Fortunately, during college I was a dance minor and had numerous classes about nutrition. I did eventually gain the tools to have a proper diet. Unfortunately, it happened at a time in my life where bars and fast food were a constant occurrence. My health was not something that I thought about often (or at all). After college and a few years in the workforce, books and movies like Fast Food Nation and Super Size Me were released. I devoured this information. I was fascinated and equally disgusted about what corporations were feeding the public. Around this time I watched a commercial featuring Beatrice Arthur (Golden Girl) discussing animal cruelty associated with KFC. I haven’t eaten there since. The same was true after reading these books. The fast food that I loved and consumed regularly was now something that I couldn’t imagine putting into my body. I succeeded in a total boycott for a few years, but, out of convenience, have eaten fast food in the past couple of years. I still try to avoid it, if possible, and still firmly believe that it should not be a significant part of anyone’s diet.

After joining the workforce and not dancing, my weight increased and I began eating a lot of pre-portioned frozen meals. They were so easy to bring to work and most of them tasted pretty good. After my son was born, it became very important to my husband and me to eat family dinners every night. Although my son is too young to participate now, we want to lay the groundwork for when he is able. My research about food began again as I found myself planning our dinners weeks in advance (to save time and money). This is when I started coming across the information about what is in the food at the grocery store. I had a vague idea, but never really looked into it extensively until now. My findings of animal treatment, pesticides, and other additives amazed and horrified me (yet again). I started looking at our kitchen shelves and our freezer differently and those frozen meals became less appealing.

That’s when I decided that I didn’t want this in my son’s body and I am happy that I can control it. I always viewed organic as an expensive alternative for rich people or hippies trying to make a statement. My opinion drastically changed. Now I am finding any way to purchase organic. I cut coupons, joined a CSA, and make special trips to health food stores. Anything that I can do to provide the purest, healthiest, and tastiest option for my family. Through my life, information regarding food has usually sickened me and led to a change in my (and my family’s) diet. This is no exception. I know some people don’t care about preservatives and what the cow ate before it was a steak, I just happen to be one of the people that do.
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Tuesday, February 16, 2010


My son started showing interest in food this past weekend! He is about 5 ½ months, so his age is right on, he just always loved his bottle and never seemed to care before. When we were visiting Bapa and Nana last weekend, they sat him on the table and he was reaching for any food that was near. He would also stare at anyone that was eating. So, now I really need to speed up this process and get everything ready. I am not prepared to make his food yet, and really thought that I had more time, but luckily cereal is the first food (it is even suggested to use store bought before 6 months and homemade after 6 months).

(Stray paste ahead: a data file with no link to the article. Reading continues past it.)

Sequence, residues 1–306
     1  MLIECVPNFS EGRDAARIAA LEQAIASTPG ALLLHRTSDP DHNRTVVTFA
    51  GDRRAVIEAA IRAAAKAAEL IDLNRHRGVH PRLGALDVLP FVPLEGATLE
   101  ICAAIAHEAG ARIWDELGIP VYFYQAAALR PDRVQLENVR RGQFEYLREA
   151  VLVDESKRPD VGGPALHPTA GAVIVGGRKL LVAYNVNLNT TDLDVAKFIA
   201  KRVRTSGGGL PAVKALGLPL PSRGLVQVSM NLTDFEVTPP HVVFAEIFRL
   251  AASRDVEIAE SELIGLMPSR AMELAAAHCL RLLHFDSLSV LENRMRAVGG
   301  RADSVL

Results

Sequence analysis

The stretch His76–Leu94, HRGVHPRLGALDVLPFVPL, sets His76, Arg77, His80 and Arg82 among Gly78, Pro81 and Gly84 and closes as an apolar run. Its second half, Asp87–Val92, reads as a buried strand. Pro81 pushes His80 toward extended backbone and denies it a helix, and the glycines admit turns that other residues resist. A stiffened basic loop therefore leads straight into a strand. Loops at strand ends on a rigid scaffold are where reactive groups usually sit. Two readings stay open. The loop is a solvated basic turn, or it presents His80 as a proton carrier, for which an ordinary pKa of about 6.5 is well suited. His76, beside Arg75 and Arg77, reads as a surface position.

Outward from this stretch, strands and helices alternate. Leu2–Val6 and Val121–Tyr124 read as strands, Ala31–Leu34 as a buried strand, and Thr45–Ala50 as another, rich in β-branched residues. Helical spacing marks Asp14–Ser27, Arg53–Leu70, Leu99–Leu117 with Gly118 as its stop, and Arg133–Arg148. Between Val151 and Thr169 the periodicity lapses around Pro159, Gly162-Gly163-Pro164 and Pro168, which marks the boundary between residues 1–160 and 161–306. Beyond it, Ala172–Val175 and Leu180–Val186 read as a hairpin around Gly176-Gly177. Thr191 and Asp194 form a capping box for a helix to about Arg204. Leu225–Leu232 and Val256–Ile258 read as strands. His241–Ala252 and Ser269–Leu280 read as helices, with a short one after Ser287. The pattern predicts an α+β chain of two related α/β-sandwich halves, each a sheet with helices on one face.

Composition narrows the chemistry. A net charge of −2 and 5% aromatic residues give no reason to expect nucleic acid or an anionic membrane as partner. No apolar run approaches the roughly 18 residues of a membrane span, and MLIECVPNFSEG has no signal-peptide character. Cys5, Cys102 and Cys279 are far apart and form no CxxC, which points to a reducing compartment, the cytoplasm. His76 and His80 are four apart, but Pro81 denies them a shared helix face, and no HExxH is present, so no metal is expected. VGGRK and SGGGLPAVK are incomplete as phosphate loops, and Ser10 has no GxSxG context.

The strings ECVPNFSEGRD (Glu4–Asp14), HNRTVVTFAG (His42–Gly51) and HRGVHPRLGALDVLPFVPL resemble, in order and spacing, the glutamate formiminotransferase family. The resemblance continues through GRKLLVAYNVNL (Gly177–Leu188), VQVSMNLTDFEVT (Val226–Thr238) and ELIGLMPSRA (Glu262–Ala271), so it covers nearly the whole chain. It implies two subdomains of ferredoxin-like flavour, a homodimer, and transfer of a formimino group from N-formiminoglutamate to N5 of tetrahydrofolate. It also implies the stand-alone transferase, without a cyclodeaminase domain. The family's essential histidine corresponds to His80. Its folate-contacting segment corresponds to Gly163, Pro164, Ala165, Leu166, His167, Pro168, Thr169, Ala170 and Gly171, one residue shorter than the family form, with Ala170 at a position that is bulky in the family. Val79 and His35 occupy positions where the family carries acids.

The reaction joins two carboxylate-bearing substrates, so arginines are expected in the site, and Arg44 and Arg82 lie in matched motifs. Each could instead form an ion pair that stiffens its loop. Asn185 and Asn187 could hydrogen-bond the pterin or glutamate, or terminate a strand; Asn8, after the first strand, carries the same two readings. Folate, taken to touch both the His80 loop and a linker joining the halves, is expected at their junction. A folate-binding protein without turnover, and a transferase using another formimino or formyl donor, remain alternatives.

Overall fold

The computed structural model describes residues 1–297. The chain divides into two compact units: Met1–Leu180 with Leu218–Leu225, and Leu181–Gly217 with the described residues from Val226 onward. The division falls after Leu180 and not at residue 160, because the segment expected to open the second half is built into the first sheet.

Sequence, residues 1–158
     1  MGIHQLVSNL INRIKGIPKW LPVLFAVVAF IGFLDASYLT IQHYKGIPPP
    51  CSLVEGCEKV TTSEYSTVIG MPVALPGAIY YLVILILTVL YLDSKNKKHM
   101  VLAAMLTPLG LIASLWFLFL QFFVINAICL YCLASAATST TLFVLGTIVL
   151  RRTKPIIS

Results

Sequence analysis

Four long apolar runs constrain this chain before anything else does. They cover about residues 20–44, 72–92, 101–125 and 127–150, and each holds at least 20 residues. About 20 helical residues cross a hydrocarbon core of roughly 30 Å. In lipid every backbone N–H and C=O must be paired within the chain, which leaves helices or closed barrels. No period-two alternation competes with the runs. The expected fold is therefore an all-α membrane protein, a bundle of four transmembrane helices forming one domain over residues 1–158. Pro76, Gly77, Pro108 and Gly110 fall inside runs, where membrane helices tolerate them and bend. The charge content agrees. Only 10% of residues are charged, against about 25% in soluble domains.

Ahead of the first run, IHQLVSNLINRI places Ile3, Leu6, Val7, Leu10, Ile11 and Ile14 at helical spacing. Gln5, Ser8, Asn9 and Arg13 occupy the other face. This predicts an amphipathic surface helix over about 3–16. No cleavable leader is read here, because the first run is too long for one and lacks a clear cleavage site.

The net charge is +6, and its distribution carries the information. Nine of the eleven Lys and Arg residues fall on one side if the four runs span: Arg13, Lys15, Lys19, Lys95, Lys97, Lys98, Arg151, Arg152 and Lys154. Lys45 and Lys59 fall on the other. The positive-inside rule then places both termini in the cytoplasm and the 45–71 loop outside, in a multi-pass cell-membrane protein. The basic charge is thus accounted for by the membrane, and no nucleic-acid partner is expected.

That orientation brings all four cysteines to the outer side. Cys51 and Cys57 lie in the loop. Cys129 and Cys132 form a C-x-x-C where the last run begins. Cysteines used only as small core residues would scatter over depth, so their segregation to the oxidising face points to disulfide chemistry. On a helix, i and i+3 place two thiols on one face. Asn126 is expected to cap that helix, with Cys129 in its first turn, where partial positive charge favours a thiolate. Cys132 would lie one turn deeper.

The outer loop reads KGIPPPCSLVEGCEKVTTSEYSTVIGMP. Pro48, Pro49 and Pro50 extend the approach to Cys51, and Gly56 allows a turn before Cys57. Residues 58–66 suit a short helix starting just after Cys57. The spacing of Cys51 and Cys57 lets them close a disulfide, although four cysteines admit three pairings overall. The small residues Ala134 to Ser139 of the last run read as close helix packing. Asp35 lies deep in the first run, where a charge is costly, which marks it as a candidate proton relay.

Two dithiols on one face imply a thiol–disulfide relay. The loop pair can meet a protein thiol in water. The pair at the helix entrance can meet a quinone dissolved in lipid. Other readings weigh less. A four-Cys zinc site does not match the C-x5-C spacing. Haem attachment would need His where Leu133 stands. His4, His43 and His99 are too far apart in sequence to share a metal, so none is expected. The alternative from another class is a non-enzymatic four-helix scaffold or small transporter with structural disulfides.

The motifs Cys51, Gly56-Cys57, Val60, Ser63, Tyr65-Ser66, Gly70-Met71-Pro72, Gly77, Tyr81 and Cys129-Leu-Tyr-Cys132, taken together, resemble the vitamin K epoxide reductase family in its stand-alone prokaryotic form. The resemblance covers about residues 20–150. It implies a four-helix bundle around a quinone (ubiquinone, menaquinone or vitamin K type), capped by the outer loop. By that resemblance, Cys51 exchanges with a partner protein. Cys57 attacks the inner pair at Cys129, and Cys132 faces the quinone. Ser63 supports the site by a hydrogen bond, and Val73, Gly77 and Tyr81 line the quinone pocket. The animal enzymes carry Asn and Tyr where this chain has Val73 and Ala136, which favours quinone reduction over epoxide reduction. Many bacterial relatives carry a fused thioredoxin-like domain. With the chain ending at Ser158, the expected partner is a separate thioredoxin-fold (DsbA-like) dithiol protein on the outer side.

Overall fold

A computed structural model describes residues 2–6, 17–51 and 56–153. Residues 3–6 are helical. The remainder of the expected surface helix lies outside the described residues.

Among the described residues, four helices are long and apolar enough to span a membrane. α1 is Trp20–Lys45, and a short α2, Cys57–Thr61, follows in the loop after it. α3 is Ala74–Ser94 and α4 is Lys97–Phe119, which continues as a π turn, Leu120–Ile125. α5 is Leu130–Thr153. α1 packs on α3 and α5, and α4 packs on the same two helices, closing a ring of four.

The CSA contacted me this past weekend. Good news – they still have shares available, so they sent me a contract. Plus, they have a pick up location on Saturday in my town. And, another bonus, I found out that they also supply some (organic) beef and that is included the share. Our deliveries begin in April and I intend to post pictures. If we plan ahead and freeze everything correctly, I doubt that we will have to buy additional produce for the year.

Teresa lent me a book, Super Baby Food by Ruth Yaron. She was also nice enough to attach a couple of notes and some advice. I have already been glancing through it and can’t wait to curl up and read (especially with all of this snow!), and hopefully I will have time this weekend. I want to use this for most of my recipes (particularly in the beginning).

Teresa’s advice:
I would look up fruit/vegetable/meat in the index and then read about when I could give it to my kids. I often just looked at the shelves of baby food too to get ideas of different pairings for foods (like strawberry banana or things like that). I would usually steam the food or microwave with a little water or bake (winter squash) and try not to overcook it too much so I didn’t lose many nutrients. Then, once cooled I would puree in blender or Magic Bullet (works best) with the liquid from cooking if needed and would use more water if I didn’t have enough liquid. Then I would freeze it in 16 cube trays (perfect size portions) and then once frozen, store in freezer bags. One more thing – I would buy (out of season) bags of frozen berries, like mixed berries and cook a little in microwave and add a little apple juice or even sugar to sweeten a little. Good luck!

I now have a partner for this journey, which I am really excited about. Yay, Sarah! I can’t wait to share stories and tips!